HANSEN: And you had us going from Dayton to Denver?

SHORTZ: Did I say Dayton?


HANSEN: Yup. Gotcha.

SHORTZ: You can't--is it too late to edit that out?

HANSEN: I'm afraid so, and we thought we'd bring it up since earlier in the program we were talking a lot about Dayton, but oh yeah, people picked up on it right away. We also discovered that the basketball team the Bulls could actually come between the--what was it?--the Celtics and the Bucks.

CONAN: Yeah.

HANSEN: The Bucks and the Celtics.


HANSEN: So--oh, you know what? We all make mistakes, even you, Mr. Know-It-All.

SHORTZ: Oh, yeah, yeah.

HANSEN: Actually, we've got some serious e-mails, before we get to the ones that are trying to nail you to the wall. There's a woman who wrote, Jane Fandray(ph)--I hope I'm pronouncing her name correctly--she's in Salisbury, Maryland, and maybe briefly you could describe this. She wants to know about the process of creating crossword puzzles. How do you do it?

SHORTZ: Well, you--most crosswords, you know, nowadays have themes to them or the long answers tie together in some interesting or funny way, so you start with those. You put those in your grid. They have to--and then you plot your pattern of black squares around them. And you know if you rotate a crossword grid 180 degrees, the pattern of black squares will look the same as it did right-side up. So you have to put your black squares in positions where you think you can create a grid around your them, and then you actually do the construction. You polish it as best you can. You know, get rid of those--that 50-mile-long river in Romania and the Celebese ox, you know, words like that, and you polish it and you write your clues at the end.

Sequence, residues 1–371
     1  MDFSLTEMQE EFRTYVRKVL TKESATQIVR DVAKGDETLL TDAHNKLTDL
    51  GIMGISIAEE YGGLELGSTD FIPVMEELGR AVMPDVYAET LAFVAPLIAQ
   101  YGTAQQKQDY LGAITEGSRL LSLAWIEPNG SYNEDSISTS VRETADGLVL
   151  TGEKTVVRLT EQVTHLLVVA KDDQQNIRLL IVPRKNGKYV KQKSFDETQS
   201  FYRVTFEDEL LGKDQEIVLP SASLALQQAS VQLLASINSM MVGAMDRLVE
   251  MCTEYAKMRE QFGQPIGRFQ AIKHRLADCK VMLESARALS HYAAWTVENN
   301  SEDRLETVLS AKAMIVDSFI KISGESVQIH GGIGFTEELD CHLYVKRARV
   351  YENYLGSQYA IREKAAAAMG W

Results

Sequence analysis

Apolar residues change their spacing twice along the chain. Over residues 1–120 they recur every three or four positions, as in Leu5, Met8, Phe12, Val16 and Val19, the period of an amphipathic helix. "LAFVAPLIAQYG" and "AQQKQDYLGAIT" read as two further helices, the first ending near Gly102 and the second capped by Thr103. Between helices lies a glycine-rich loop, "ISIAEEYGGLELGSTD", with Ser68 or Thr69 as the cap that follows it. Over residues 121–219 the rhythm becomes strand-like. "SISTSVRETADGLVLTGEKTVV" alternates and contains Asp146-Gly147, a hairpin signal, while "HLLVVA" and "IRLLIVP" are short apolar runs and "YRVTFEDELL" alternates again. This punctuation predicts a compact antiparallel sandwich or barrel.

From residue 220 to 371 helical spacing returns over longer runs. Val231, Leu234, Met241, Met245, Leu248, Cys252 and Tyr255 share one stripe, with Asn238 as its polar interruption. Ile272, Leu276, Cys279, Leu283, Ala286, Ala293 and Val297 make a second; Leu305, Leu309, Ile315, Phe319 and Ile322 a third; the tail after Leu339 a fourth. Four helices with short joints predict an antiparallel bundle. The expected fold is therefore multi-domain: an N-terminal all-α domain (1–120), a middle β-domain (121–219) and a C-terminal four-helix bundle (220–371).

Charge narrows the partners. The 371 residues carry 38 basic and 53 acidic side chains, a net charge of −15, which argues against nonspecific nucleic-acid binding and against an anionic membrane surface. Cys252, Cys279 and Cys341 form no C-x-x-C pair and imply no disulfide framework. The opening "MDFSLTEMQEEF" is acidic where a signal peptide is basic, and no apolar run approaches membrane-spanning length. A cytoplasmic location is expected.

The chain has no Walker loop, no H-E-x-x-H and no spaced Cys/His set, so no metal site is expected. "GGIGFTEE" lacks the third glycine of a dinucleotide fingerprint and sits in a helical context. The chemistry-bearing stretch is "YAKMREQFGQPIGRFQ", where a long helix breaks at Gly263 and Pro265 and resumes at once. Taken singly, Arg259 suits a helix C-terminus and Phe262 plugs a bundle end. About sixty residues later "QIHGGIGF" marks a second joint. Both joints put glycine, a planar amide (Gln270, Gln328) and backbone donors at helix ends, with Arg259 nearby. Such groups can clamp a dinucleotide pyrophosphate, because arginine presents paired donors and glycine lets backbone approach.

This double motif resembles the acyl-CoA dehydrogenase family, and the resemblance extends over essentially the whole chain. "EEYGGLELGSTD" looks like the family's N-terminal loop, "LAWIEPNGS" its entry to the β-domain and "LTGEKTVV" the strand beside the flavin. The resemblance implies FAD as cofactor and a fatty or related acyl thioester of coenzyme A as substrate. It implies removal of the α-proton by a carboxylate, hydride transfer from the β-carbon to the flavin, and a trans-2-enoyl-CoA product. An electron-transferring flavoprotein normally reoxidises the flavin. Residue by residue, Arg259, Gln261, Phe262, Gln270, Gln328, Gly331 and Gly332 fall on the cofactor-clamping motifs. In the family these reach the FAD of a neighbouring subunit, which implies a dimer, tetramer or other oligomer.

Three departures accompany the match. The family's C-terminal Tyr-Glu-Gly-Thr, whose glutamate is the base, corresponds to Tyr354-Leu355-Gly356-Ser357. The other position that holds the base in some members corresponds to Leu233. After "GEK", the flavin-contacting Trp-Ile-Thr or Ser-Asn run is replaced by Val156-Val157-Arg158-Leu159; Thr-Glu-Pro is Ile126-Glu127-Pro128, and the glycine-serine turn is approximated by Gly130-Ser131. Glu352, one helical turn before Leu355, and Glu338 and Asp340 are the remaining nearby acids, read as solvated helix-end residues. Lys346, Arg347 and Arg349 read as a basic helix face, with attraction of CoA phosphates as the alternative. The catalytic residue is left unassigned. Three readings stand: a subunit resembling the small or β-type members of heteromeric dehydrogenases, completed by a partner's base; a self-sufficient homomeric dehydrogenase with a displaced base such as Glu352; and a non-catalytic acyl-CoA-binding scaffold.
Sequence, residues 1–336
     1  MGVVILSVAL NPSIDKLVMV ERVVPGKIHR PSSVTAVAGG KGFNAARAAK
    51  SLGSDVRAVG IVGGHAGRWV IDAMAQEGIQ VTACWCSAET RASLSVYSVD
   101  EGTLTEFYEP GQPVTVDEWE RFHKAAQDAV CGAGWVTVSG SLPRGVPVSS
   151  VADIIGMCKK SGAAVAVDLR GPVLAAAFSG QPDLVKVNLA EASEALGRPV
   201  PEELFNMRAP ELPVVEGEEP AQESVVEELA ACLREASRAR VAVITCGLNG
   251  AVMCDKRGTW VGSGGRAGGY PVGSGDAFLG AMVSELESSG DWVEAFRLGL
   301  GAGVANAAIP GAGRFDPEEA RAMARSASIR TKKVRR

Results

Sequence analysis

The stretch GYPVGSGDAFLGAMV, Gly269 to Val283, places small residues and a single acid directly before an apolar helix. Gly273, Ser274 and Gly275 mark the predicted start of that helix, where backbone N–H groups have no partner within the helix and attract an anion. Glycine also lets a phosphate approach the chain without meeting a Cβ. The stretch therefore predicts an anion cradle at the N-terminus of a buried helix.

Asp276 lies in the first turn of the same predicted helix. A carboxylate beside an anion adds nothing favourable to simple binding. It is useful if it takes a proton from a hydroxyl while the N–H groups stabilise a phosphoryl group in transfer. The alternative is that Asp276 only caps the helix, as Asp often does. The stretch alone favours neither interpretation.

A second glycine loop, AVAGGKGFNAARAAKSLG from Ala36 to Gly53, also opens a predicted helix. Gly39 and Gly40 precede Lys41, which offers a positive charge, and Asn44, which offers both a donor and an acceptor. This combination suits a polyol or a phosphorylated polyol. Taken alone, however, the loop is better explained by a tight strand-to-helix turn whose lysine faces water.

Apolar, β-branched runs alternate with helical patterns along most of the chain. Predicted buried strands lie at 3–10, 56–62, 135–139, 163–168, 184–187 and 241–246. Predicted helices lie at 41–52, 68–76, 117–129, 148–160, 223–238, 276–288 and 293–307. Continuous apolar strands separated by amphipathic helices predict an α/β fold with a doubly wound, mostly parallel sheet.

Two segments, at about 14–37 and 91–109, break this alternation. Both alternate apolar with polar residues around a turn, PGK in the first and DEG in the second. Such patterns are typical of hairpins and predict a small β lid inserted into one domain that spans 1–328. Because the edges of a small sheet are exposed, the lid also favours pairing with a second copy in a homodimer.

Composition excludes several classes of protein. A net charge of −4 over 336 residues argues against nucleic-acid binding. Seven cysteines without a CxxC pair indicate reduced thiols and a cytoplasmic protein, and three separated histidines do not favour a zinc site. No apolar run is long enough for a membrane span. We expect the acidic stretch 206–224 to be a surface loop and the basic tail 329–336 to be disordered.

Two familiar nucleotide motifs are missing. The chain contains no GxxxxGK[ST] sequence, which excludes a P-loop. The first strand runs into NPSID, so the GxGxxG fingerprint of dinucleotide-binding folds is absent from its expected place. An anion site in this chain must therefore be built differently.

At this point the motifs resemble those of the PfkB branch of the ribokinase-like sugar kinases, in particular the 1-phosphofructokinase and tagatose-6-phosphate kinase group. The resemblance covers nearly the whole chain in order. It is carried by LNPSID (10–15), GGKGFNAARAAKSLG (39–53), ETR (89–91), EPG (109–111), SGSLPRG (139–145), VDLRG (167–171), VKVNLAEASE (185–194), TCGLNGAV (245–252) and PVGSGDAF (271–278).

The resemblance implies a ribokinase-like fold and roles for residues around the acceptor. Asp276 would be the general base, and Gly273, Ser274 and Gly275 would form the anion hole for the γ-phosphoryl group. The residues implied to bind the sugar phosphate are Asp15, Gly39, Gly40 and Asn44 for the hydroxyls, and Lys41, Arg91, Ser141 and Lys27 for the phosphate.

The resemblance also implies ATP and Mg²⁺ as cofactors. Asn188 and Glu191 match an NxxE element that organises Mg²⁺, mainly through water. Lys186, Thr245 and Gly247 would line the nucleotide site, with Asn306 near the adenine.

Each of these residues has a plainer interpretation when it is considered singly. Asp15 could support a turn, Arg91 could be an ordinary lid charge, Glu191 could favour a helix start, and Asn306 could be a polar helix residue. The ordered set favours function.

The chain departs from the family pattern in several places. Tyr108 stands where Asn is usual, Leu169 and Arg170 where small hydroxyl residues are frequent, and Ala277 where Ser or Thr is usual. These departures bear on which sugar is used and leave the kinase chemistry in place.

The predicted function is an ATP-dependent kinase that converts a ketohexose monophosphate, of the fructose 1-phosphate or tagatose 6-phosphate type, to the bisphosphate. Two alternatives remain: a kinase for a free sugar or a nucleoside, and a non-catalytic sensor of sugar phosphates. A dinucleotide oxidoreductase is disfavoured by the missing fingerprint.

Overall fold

CONAN: And there are standard dimensions for this, 17-by-17, 25-by-25.

SHORTZ: Yeah. For some reasons, crosswords are--almost always have odd dimensions, so a daily crossword is usually 15-by-15 squares, a Sunday puzzle is usually 21-by-21.

CONAN: On behalf of all of those who've ever suffered at the hands of the puzzlemaster, we have an e-mail challenge today. If you have a puzzle you'd like him to try, send it along to us: Or if you have questions about crosswords, cryptics or about the history and future of puzzles, our phone number is (800) 989-8255. That's (800) 989-TALK. And again, the e-mail address is

And we have an e-mail that was sent in earlier, this from Andy Dubak(ph): `You're walking down a corridor to a TALK OF THE NATION studio and you come to a fork in the hall. You don't know the correct way. There's an office in between this fork where identical twin brothers work. Surely one of them will know how to get to the studio. You knock on the door. One of them comes to the door. Since they both look the same, you don't know which one it is, if one of the twins always tells the truth and the other always tells lies, which is the one question you can ask so that you receive the correct directions to the studio?'

SHORTZ: I would say--let me think this through--but I think you ask if--let me think about this. If you were to ask--if I ask the other person which way to go, what would he say? Let me think if that works. So if you're talking to the person who is--always tells the truth and ask him, you know, `What will the other person say?' The other person always lies, so you get the wrong answer. And if I talk to the liar and--I think, yeah, you take the answer that the person gives you and then go in the opposite direction.